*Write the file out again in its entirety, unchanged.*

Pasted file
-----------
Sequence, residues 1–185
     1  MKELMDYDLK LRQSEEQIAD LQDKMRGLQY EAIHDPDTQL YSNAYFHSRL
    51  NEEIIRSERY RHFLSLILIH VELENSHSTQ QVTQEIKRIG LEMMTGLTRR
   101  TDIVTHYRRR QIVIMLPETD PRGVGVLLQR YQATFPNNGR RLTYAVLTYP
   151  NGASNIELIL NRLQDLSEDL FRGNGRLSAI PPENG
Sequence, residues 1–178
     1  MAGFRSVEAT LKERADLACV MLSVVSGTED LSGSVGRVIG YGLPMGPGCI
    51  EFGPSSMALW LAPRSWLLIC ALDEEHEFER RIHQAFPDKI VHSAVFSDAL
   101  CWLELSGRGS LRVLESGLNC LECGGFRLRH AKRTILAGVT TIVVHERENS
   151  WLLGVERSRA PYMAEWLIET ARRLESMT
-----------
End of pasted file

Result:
Sequence, residues 1–185
     1  MKELMDYDLK LRQSEEQIAD LQDKMRGLQY EAIHDPDTQL YSNAYFHSRL
    51  NEEIIRSERY RHFLSLILIH VELENSHSTQ QVTQEIKRIG LEMMTGLTRR
   101  TDIVTHYRRR QIVIMLPETD PRGVGVLLQR YQATFPNNGR RLTYAVLTYP
   151  NGASNIELIL NRLQDLSEDL FRGNGRLSAI PPENG
Sequence, residues 1–178
     1  MAGFRSVEAT LKERADLACV MLSVVSGTED LSGSVGRVIG YGLPMGPGCI
    51  EFGPSSMALW LAPRSWLLIC ALDEEHEFER RIHQAFPDKI VHSAVFSDAL
   101  CWLELSGRGS LRVLESGLNC LECGGFRLRH AKRTILAGVT TIVVHERENS
   151  WLLGVERSRA PYMAEWLIET ARRLESMT